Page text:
The fourth and the most important principle is “cooperative federalism” to develop policies between the Centre and the states that can really enable the states to flourish. “Unless the state grows and the eastern India grows, the country, as a whole, cannot progress.
With that as the framework and context, we have put in place some of the policies specifically for Eastern India to drive growth.
“The first one is connectivity. Connectivity in all dimensions is the priority for the growth of eastern India. This obviously includes roads. For Instance, right now in Jharkhand we are rapidly building out National Highways. The Ranchi-Jharkhand Highway, which a vital corridor for Jharkhand, still does not have a high quality highway. Today, it takes threes hour to reach Jamshedpur from Ranchi. Once the Ranchi-Jharkhand Highway is built, it will take one-and-half-hour to reach Jamshedpur. With the construction of the National Highway, we will be able to hold all the corridors between Hazaribag, Ranchi, Dhanbad and Jamshedpur which will drive industrialisation and growth in Jharkhand. In the same way, we are identifying important corridors in Odisha and eastern India to connect them with highways. We are also in discussing with the Bangladesh about building of highways down through the neighbouring country,” said Sinha.
While efforts are on development of ports in this region including Odisha, priority is given to telephone operators like BSNL and other operators that are equally important for providing telecom, mobile and internet services in the hinterlands of the eastern part of the country.
“Connectivity is really the foundation for what we want to do. So we are working hard to connect eastern India, not just with rest of India but with south-east Asia as well,” the Union minister pointed out.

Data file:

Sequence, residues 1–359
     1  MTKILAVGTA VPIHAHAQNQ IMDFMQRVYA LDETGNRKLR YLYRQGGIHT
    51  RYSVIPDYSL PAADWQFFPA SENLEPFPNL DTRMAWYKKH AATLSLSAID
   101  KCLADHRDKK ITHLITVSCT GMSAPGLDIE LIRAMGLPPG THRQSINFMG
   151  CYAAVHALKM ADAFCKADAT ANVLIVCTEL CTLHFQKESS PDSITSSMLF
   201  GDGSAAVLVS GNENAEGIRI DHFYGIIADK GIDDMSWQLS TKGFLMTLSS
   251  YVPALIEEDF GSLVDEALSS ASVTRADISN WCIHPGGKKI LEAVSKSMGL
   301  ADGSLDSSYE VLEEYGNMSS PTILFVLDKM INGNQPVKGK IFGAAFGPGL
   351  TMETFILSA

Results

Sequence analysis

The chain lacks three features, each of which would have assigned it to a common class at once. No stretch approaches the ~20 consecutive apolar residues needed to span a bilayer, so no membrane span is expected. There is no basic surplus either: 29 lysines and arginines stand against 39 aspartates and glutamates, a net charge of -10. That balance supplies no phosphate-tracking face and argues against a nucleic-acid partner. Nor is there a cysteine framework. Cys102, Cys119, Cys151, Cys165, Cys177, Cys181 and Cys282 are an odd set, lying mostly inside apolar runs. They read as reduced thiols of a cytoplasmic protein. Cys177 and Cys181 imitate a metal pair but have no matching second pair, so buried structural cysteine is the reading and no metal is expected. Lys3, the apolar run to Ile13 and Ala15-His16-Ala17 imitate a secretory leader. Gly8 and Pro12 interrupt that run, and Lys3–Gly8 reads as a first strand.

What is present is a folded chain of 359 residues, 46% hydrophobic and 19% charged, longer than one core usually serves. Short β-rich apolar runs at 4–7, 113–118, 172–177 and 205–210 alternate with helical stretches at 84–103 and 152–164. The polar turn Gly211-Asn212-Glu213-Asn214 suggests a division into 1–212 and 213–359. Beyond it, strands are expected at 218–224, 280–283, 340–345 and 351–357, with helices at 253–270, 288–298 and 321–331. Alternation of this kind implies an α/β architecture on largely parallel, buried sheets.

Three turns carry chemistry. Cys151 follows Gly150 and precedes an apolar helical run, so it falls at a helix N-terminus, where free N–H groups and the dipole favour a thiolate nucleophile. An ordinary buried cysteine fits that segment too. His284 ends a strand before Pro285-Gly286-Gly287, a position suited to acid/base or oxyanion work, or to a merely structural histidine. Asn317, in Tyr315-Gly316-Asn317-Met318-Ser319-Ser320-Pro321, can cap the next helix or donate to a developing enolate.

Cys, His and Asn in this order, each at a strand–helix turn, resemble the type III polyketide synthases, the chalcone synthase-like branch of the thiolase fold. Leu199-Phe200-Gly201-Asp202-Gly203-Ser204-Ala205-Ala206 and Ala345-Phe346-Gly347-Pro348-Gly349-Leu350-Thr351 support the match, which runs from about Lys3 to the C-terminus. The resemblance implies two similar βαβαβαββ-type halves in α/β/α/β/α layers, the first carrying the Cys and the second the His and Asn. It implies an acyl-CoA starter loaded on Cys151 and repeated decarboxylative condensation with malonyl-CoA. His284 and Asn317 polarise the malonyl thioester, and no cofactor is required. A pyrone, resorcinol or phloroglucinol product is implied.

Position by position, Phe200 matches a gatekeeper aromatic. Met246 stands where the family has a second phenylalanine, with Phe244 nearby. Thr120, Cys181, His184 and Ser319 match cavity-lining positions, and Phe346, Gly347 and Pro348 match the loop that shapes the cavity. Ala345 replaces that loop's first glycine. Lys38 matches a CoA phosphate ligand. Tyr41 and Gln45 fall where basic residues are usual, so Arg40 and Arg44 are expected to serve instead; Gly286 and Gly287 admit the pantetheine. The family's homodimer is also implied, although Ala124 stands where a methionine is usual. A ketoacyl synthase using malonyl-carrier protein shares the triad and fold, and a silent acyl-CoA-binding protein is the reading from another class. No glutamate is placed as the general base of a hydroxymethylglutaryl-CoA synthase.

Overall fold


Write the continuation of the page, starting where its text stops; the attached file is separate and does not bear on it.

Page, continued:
He also said thrust is on a series of social security programmes which are going to be very beneficial for the country. The social security programmes like Jan-Dhan Yojana, Jeevan Jyoti Bima Yojana, Suraksha Bima Yojana and Universal Health Coverage will be equally important for the eastern India to ensure robust safety net for everybody so that the people, without any recourse and support, will be able to work themselves out of poverty.
“We will try to provide them these social securities so that they could pass the extreme poverty,” Sinha stated.
The third part of concern is agriculture. As far as agriculture is concerned, irrigation is a vital driver to make the farmers able to grow two-three crops.
Through Pradhan Mantii Krushi Sinchai Yojana, we trying to make sure at least 60 per cent on Indian land gets irrigation.
“I had a discussion with the Chief Minister and Finance minister here yesterday on what could be done for better irrigation through Accelerated Irrigation Benefit Programme (AIBP). So agriculture and agro processing industries become vital for eastern India,” he pointed out.
Pointing out to the fourth area the Centre is looking into is ‘Make in India’.
“As part of the campaign, we have number of industries in eastern India. Whether it is in iron and steel, in refining, aluminium, we have to make sure that we are globally competitive industries. We have under taken varieties of steps like auctioning of natural resources, iron ore mines, infrastructure, building up of power plants to provide support for industrialisation.
“Talking about the Smart City programme of the Centre, Sinhas said Bhubaneswar and other cities, which were included under the programme, are going to get substantial resources over the next few years so that they can become growth magnet.
“That’s really a vision for the Eastern India. If we will be able build to the productive capacity of eastern India and build the productivity capacity, we will be able to sustain growth that is important for this region.”
“Eastern India is rich in resources, in talent, in temperate weather and agricultural potentials. But the people are poor. It is all our collective responsibility to work together for the people of the eastern India so that they can get the quality of life they deserve,” he said.